GM Reveals 2010 Cadillac SRX Details Ahead of Detroit Introduction
By Kevin Miller
GM has released information about the 2010 Cadillac SRX, ahead of the second-generation crossover’s debut next week at the North American International Auto Show in Detroit. The premium-segment crossover, intended to compete in the marketplace with vehicles such as the Lexus RX, Acura MDX, and BWW X3 and X5 gets a completely new design, as well as two engine choices not seen before in the SRX. The crossover seats five, a departure from the outgoing vehicle’s available seating for seven.
The 2010 SRX is a front- or all-wheel drive crossover, available with two high-tech six-cylinder engines. The new SRX breaks from the first-generation vehicle’s tradition of rear- or all-wheel-drive and available 320 HP 4.6 liter Northstar V8. The two six-cylinder engines in the new SRX are new to Cadillac, and are the smallest-displacement engines the marque offers in North America.
A new, 3.0 liter direct injected V-6 engine good for 260 HP and 221 lb-ft torque is standard. This powerplant is a smaller version of the 3.6 liter direct-injection engine found in the CTS, and it provides five more horsepower than the base engine in the outgoing SRX, with an expected improvement of fuel economy between ten and fifteen percent. An optional 2.8 liter turbocharged V-6 has an output of 300 HP, 295 lb-ft. Each is mated to a six-speed automatic transmission. The SRX can tow up to 3,500 pounds when properly equipped.
The SRX will feature an available all-wheel-drive system that is designed to optimize vehicle handling and stability in all driving conditions. The AWD system includes an available electronic limited-slip differential (eLSD) that distributes torque as needed from side to side along the rear axle, as well as from the front to rear axle. The pre-emptive, active-on-demand system provides an extra measure of capability in wet or icy conditions.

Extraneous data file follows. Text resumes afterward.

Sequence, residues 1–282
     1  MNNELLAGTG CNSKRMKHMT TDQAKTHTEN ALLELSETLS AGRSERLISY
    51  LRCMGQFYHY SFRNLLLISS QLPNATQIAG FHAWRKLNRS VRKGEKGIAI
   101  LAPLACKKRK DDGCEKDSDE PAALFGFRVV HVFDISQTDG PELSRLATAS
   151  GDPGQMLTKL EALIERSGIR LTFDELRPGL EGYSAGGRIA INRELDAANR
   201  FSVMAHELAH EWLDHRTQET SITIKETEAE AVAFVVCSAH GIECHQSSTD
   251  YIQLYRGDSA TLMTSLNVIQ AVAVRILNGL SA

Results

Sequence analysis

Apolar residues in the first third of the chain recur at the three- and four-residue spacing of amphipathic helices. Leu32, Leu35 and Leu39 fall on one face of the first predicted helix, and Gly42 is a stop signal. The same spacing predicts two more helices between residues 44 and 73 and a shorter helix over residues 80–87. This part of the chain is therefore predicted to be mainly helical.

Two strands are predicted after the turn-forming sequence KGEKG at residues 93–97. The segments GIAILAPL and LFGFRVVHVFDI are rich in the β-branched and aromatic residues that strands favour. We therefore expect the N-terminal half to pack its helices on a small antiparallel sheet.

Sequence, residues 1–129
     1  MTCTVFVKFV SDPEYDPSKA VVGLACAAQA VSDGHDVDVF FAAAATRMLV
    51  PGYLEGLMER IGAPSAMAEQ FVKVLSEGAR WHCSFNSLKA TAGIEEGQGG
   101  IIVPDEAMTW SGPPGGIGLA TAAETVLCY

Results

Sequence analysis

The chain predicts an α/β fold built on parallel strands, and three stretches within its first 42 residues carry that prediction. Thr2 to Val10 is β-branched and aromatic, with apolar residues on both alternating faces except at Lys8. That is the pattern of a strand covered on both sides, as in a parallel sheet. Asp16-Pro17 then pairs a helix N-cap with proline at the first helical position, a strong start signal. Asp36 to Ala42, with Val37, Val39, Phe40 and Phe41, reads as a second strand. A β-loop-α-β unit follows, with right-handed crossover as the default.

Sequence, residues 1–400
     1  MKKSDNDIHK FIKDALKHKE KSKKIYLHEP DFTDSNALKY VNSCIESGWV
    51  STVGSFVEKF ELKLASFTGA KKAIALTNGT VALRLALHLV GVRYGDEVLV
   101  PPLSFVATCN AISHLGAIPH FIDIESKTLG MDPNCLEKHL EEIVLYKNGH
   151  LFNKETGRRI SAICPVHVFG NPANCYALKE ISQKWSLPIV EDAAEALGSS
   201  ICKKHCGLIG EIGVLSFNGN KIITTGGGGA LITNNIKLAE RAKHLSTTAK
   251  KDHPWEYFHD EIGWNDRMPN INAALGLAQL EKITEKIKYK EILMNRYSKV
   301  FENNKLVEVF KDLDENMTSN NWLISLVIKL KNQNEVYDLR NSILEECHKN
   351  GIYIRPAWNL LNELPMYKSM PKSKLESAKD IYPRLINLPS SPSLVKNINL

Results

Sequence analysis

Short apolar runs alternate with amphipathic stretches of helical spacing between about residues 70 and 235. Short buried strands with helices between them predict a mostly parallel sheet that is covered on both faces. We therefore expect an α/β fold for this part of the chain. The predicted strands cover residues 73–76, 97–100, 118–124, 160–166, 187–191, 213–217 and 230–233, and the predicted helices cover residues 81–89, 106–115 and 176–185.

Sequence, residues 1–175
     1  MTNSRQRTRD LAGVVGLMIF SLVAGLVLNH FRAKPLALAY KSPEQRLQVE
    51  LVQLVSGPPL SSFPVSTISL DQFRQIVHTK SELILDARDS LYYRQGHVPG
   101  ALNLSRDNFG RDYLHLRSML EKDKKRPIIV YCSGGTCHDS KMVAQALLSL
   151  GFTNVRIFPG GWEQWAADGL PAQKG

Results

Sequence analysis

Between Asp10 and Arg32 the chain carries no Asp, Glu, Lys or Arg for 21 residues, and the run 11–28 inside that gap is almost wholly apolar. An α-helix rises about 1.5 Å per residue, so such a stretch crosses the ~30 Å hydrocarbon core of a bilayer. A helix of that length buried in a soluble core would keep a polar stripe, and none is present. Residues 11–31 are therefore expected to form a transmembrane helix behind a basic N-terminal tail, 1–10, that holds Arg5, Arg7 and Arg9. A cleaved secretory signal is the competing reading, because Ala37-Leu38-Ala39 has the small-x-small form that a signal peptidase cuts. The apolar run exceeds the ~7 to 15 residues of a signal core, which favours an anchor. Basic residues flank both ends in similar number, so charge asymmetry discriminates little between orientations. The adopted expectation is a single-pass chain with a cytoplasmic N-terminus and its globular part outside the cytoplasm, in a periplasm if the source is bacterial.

On the exterior, the new SRX eschews the outgoing model’s slab-sided, early Art and Science styling for a thoroughly updated, modern interpretation of Cadillac’s design theme. Clay Dean, Cadillac global design director notes, “As with the 2008 CTS, we advanced our Art and Science design to create a crossover for style-conscious customers. The exterior features a dramatic diving gesture on the body side to impart the feeling of movement, even at rest.” Eighteen-inch wheels are standard and 20-inch wheels are offered.
“Inside the new SRX, technical precision blends with old-world craftsmanship,” Dean said. “Hand-cut-and-sewn coverings on the instrument panel and ambient lighting details convey a finely tailored cabin.” An integrated center stack houses controls for climate and audio systems, while the navigation system rises from the center of the instrument panel as it does in Cadillac’s CTS.
Among the available luxury-grade equipment are adaptive forward lighting, a power liftgate with adjustable height setting, integrated hard disc drive for audio storage, and a dual-screen system for rear entertainment. Bluetooth compatibility is standard, as is OnStar’s turn-by-turn navigation service for buyers who do not select the car’s navigation system option.
The optional 2.8 liter turbocharged six and the AWD system with eLSD featured in the 2010 SRX are derived from powertrain components which have been used in the Saab 9-3 range of vehicles. The engine was introduced in the 9-3 Aero for 2006, and the slick AWD system was mated to an up-rated version of that mill in the 2008 Turbo X. The SRX has been engineered in parallel with the upcoming Saab 9-4x crossover, which explains the Saab-sourced parts. Introduction of the 9-4x has been delayed due to GM’s financial trouble.
The photos show the SRX to be a good looking vehicle; it will be nice to see it in person next week in Detroit. The SRX (and the 9-4x) will be manufactured at GM’s Ramos Arizpe, Mexico, plant. Production of the SRX is scheduled to begin in the second quarter of 2009, with dealer availability shortly thereafter.
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